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Beyoncé’s ‘Renaissance’ merchandise can make the perfect pandemic outfit

This limited-edition collection is perfect for hitting the dance floor — whether you’re staying in or going out

A week ago, Beyoncé released her seventh solo studio album, Renaissance, a celebration of house music, inspired by her godmother, Uncle Jonny. 

Recorded during the coronavirus pandemic, the project is meant to be “a place,” according to her website, “without judgment. A place to be free of perfectionism and overthinking. A place to scream, release, feel freedom.” Beyoncé wrote in the album’s liner notes she hopes fans feel inspired to “release the wiggle.”

Well, yes, that’s the goal, Mrs. Carter. But we’re in the middle of several pandemics. President Joe Biden just declared a public health emergency as the number of monkeypox cases rises across the country, completely independent of the various coronavirus variants. So what is the Beyhive to do when this album is just begging to be experienced in a hot, sweaty club — but doing so comes with a risk.

Wear Beyoncé’s Renaissance merchandise, of course.

Whether you venture out to a dance party, or stay in and enjoy the album, Beyoncé’s got you covered. Besides the usual branded products she’s offered before — such as screen-printed T-shirts and sweatshirts, and bejeweled tank tops — she’s also selling a set of thong underwear featuring the words “come over,” and on another pair, an illustration of a pearl in a cracked open oyster, a black do-rag with the song title “MOVE” written in crystals, and blankets — basically, she released items to the fandom that are perfect for partying in a pandemic.


The limited-edition Renaissance merchandise drop also includes a black hoodie that zips up into a face covering (a nod to the “Break My Soul” lyrics, “Worldwide hoodie with the mask outside”), stretchy black satin opera-length gloves with the words “act i” and “renaissance” written in crystal applique, an accordion fan, and a large rolling tray featuring a photo of Beyoncé in a Christopher John Rogers emerald green crushed netting and veil headpiece. This is the first time Beyoncé ventured into new merchandise, beyond clothing, for the Beyhive and her timing couldn’t be better.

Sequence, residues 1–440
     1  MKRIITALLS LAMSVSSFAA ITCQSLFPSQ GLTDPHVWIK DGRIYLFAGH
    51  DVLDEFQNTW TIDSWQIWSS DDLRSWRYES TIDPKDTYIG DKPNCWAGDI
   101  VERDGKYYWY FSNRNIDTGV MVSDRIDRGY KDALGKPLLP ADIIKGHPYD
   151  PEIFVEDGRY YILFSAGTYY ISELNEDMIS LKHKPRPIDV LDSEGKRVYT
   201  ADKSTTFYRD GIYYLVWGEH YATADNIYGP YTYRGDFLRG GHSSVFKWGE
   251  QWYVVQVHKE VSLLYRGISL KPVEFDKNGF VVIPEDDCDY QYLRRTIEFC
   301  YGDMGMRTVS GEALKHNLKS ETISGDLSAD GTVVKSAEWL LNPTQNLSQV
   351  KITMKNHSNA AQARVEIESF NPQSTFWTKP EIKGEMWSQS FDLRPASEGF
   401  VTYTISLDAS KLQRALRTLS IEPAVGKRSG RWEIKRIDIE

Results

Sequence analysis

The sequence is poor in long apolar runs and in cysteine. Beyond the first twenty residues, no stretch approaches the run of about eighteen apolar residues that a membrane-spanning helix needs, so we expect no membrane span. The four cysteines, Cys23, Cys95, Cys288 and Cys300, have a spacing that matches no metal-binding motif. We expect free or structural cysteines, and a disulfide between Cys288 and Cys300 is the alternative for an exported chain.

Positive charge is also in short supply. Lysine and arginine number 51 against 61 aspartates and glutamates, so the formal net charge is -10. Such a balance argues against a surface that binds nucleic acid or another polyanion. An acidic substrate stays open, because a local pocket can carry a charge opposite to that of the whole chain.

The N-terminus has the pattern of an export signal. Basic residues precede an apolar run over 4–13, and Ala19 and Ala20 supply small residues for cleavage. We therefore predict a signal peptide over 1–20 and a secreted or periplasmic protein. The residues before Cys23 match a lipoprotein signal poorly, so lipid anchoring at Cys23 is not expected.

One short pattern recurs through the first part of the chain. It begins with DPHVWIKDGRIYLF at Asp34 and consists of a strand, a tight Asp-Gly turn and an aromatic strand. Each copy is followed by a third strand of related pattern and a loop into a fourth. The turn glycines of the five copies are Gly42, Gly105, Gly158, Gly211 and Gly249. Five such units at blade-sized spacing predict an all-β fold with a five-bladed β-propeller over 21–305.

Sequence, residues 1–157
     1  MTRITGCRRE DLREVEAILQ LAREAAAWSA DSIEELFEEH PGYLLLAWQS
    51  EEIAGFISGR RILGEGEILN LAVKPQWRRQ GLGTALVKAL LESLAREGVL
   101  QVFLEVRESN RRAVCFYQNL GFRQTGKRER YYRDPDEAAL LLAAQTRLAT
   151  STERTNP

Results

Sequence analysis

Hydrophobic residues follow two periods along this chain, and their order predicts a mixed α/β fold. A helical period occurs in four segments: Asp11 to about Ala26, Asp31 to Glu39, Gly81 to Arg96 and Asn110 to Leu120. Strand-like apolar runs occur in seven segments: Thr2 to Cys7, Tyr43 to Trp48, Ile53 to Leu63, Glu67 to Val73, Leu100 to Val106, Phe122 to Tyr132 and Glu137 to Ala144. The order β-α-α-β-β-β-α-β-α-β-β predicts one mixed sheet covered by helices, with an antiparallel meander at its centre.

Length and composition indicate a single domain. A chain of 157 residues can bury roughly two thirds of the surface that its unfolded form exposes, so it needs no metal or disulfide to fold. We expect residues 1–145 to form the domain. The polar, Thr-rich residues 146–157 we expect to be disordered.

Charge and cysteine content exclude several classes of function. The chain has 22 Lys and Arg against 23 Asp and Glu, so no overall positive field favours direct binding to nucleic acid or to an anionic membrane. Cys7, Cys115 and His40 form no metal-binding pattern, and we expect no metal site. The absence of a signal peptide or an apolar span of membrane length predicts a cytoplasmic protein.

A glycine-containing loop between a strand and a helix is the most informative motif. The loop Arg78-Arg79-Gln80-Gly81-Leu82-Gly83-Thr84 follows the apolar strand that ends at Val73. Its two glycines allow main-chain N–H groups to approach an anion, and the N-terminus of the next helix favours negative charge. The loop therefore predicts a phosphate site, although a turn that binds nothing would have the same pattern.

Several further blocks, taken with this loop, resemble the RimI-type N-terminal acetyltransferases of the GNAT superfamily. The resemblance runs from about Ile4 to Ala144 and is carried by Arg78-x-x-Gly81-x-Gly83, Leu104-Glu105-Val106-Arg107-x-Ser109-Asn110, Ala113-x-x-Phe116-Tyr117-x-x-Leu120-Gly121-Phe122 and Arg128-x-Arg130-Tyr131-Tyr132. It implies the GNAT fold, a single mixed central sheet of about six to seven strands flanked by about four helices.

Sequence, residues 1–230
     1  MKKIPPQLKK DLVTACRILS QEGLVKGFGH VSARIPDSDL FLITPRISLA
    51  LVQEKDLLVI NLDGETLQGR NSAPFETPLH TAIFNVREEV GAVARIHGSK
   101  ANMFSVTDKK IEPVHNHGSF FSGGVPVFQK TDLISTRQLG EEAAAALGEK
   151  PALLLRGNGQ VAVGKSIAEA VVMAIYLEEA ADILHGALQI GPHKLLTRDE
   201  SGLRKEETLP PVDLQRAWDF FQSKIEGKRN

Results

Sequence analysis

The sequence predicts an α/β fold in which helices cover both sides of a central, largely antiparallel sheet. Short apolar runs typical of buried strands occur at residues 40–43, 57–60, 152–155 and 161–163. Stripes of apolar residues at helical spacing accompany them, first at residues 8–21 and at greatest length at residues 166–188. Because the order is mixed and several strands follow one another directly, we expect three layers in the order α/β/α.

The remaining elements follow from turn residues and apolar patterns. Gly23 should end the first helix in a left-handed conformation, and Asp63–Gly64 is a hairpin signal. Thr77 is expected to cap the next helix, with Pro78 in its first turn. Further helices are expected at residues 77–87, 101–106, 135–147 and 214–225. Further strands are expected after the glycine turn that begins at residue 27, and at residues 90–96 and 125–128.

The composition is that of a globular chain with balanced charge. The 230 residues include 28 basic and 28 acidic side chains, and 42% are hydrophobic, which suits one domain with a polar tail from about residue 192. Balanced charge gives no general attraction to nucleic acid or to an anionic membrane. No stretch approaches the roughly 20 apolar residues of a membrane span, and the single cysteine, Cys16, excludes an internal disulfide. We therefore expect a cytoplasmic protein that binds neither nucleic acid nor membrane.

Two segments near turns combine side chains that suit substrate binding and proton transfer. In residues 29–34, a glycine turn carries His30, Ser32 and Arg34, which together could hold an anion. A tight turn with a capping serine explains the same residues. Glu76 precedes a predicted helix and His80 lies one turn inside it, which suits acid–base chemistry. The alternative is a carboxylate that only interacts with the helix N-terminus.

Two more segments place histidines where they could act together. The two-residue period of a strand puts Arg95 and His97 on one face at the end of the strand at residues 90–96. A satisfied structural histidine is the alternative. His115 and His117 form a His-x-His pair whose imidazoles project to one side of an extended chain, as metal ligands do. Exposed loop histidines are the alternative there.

Allow me to lay the perfect pandemic outfit out visually for you, friends. Let’s start off with the foundational garments: the thong set, before sliding into a pair of non-branded bottoms of your choice. Add either the “That Girl” or “I’m deadass” rhinestone tank, black elbow-length gloves, the “worldwide” mask hoodie (please wear an actual mask on your face, too), and on your head, either the “move” do-rag or the “thique” trucker hat. Finish off the look with silver horse hoop earrings, maybe tie silk banana on the wrist of your glove, keeping it handy to further prevent you from touching dirty surfaces. The accordian folding fan will not only cool you off but be an added touch of drama with its big swoosh each time you open it.

For the first time, Beyoncé also introduced mystery merchandise boxes the day her album was announced. Her website began selling four different Renaissance “Pose” box sets for $39.99 each featuring a collectible box, a screen-printed T-shirt corresponding to the box purchased featuring Beyoncé in a specific pose, and a Renaissance CD. I ordered box four, excited to participate in all of the fanfare.

When my box finally arrived a week after Renaissance’s release, I was disappointed that unboxing it didn’t mirror the excitement I felt listening to the music. The actual box is limited-edition — so it’s exclusive to fans who snapped them up quickly — but the photo printed on the inside is pixelated (and the shirt’s image is, too). However, holding Beyoncé’s photo booklet in my hands reminded me that Blue Ivy’s mother has always used fashion to create a fantasy.

In 2016, when Beyoncé won the Council of American Fashion Designers’ Fashion Icon Award, she detailed how fashion has always been a part of her life. Her maternal grandmother sewed clothing for nuns and priests in exchange for the education of Beyoncé’s mother, Tina Lawson. Lawson, along with Beyoncé’s Uncle Jonny, went on to make all of Destiny’s Child’s costumes when high-end designers were unwilling to dress “four Black country girls.”

“It’s a tool for finding your own identity, expression, and strength,” she said of the power of fashion. “It transcends style and is a time capsule of our greatest milestones.”

It’s true of both fashion and music, and now, thanks to Beyoncé’s merchandise, we, too, can create and outfit a fantasy where we can live out loud on the dance floor (albeit safely, in a pandemic).

Channing Hargrove is a senior writer at Andscape covering fashion. That’s easier than admitting how strongly she identifies with the lyrics “Single Black female addicted to retail.”